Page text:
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Contributing images with metadata

Explanation of how to prepare still images relating to catalogued items. The procedure uses the XMP specification with an application profile for the MIDAS project.

The documentation for both the current version of the Midas XMP editor and the metadata element set defined for MIDAS can be found here. This documentation contains all information provided in this section in a pdf document.


In its basic form, an image file is identified by nothing else but its file name. Typically, the file name has an ending (suffix) such as ".bmp", ".jpg", ".tiff", etc., which tells us (and the computer) which type of software is required to view the image.

If the image file has been produced with a digital camera, then there will be some information stored in the file along with the image data. This so-called metadata can be read and displayed by most newer image processing programs. Cameras use a metadata set named EXIF to record the date and time, exposure settings, and the maker and model of the camera.

Most digital image processing software also allows the user to enter a title or caption, keywords, and other content-related information, to be stored inside the image file.

There are various ways of storing content-related metadata within an image file. What has been entered with one program cannot always be retrieved by another. Therefore, interoperability between image processing programs is still an issue. Moreover, existing metadata specifications have been developed by specific groups of users for a limited area of application. The IPTC (International Press Telecommunications Council) metadata specification is usually adequate for news photography, but will not be suitable for medical images such as X-rays.

Since there is no single metadata standard for all application areas, a "container" format has been devised that allows for the aggregation of metadata elements from different standards and specifications. Named XMP (for Extensible Metadata Platform), this specification is currently being implemented by an increasing number of image processing software manufacturers.

XMP in the MIDAS environment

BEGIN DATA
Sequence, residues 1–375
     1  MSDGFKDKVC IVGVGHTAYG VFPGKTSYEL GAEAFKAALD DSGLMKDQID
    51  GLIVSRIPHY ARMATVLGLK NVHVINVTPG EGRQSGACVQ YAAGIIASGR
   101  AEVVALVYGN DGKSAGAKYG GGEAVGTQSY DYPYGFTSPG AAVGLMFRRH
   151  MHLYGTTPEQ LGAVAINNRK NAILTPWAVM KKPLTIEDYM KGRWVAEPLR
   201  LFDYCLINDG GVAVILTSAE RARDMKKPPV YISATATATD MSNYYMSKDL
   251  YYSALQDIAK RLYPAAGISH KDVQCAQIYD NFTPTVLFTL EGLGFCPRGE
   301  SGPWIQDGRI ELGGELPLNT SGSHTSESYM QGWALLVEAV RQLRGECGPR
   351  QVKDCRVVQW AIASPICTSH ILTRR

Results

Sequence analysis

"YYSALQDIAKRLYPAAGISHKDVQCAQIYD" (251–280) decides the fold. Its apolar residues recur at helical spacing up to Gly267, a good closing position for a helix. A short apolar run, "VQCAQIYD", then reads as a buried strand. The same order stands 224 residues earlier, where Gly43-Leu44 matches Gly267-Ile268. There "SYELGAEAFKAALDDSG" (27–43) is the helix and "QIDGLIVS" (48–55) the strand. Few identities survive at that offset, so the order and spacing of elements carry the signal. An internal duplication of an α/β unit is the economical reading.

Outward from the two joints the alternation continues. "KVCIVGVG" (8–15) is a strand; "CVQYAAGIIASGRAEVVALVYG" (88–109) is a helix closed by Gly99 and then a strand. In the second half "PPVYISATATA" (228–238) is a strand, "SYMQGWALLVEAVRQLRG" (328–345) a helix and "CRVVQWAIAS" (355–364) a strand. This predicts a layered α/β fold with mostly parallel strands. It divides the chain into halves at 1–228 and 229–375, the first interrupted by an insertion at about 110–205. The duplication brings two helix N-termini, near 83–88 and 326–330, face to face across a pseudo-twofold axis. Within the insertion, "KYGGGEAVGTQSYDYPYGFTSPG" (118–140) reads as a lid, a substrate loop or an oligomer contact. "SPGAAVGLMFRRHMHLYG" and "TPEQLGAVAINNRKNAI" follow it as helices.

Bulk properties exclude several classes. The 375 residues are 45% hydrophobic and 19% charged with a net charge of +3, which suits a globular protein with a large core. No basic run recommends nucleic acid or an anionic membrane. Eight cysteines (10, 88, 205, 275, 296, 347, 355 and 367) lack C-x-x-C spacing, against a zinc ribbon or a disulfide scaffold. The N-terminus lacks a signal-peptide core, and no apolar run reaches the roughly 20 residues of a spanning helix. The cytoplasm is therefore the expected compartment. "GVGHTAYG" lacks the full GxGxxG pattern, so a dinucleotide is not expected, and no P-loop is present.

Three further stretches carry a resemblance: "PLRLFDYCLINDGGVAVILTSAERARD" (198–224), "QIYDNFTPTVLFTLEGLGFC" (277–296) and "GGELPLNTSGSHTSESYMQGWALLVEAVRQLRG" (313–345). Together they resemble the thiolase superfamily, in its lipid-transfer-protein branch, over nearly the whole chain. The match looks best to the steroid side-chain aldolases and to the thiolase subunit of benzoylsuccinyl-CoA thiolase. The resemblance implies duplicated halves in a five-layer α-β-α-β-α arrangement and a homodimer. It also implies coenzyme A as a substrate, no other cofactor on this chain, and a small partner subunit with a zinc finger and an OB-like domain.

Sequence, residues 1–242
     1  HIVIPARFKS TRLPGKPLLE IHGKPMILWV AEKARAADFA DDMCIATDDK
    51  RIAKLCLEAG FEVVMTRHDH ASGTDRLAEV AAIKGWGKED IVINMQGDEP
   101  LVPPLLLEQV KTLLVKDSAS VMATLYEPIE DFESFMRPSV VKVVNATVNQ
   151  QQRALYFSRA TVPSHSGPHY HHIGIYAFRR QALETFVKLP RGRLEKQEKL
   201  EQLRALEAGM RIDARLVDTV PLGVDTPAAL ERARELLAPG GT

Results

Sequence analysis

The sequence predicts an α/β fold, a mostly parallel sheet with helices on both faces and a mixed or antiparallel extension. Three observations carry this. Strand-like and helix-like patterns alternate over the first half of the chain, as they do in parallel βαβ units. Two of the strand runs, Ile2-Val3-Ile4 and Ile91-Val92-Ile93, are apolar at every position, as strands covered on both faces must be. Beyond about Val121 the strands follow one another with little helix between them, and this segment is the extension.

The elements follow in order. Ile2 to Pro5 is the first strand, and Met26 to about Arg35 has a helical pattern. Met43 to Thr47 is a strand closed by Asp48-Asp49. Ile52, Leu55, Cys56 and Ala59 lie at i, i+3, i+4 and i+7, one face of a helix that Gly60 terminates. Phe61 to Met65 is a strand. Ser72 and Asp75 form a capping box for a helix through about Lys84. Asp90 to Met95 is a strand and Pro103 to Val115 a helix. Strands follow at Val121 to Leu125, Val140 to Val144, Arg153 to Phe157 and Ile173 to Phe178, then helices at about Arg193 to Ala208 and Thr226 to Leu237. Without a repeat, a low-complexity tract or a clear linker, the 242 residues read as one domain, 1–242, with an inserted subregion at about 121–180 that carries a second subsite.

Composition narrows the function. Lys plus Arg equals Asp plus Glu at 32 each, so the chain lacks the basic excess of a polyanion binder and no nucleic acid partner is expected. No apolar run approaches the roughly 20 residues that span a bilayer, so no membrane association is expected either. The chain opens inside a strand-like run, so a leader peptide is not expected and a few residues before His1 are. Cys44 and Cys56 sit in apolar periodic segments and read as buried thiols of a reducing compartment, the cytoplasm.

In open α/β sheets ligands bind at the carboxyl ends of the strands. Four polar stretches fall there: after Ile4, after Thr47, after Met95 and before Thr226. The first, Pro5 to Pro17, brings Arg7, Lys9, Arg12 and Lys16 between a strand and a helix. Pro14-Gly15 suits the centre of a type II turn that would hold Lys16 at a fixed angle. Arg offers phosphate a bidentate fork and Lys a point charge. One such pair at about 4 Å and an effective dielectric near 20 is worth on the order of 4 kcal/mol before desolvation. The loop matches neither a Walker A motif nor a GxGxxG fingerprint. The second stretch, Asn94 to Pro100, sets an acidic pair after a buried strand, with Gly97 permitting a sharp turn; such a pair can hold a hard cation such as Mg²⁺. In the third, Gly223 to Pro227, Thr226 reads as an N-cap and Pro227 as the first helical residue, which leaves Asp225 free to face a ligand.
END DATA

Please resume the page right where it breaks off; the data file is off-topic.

Still images can be an important information element for users of film catalogues. Therefore, MIDAS encourages archives to supply still images relating to catalogued films wherever possible. Arranging a large number of image files for display via the catalogue server can be a time-consuming and error-prone task. For this reason, we ask all suppliers of still images to mark the corresponding image files with a small set of metadata elements. The most important of these elements will be the MIDAS film work identifier, which will allow the catalogue server to ensure that the image is displayed in combination with the right catalogue record.

Since the required metadata elements are highly specific to MIDAS, we have decided not to re-use existing specifications, bu rather to define our own and wrap these up in an XMP metadata container. This is fully conformant with the XMP specification.

Documentation of the MIDAS metdadata elements can be found by following the link at the end of this article.

Preparing still images for upload into the film catalogue

Currently, there are the following methods for preparing image files for upload to the catalogue server:

   1. Use of a stand-alone program for Microsoft Windows that allows MIDAS-specific metadata to be created, edited, and saved in several types of image file.

  2. Use of other tools such as text editors for writing the XMP-formatted metadata into text files, and of tools for writing blocks of XMP data into image files.

A first version of the Midas XMP specification (issued in 2008) also recommended the use of the Adobe Photoshop File Info panels as a data entry tool. This recommendation has been withdrawn for several reasons. One of these is that the customisation procedure for the File Info panels differs widely between versions of Photoshop (with no support at all for versions before CS2), thus MIDAS: Contributing Images with Metadata 3 requiring an inordinate amount of application support. Another, more critical, reason was the incomplete implementation of RDF data structures at the interface between Photoshop and the XMP software component. While Adobe's reference implementation (published as the XMP toolkit) correctly handles all RDF constructs defined in the XMP specification, Photoshop software products restrict the object part of any RDF statement to a simple, monolingual literal.

MIDAS Image Metadata Elements

The full list of metadata elements for still images for the MIDAS catalogue.

Photoshop File Info Panel for MIDAS

Users of Adope Photoshop can use this technique for adding metadata to still images before upload to the MIDAS catalogue.

Using the stand-alone metadata tool

A Windows-based tool for attaching MIDAS metadata to image files.

Processing image files with MIDAS metadata

Tools and methods for extracting and using XMP-based metadata from image files.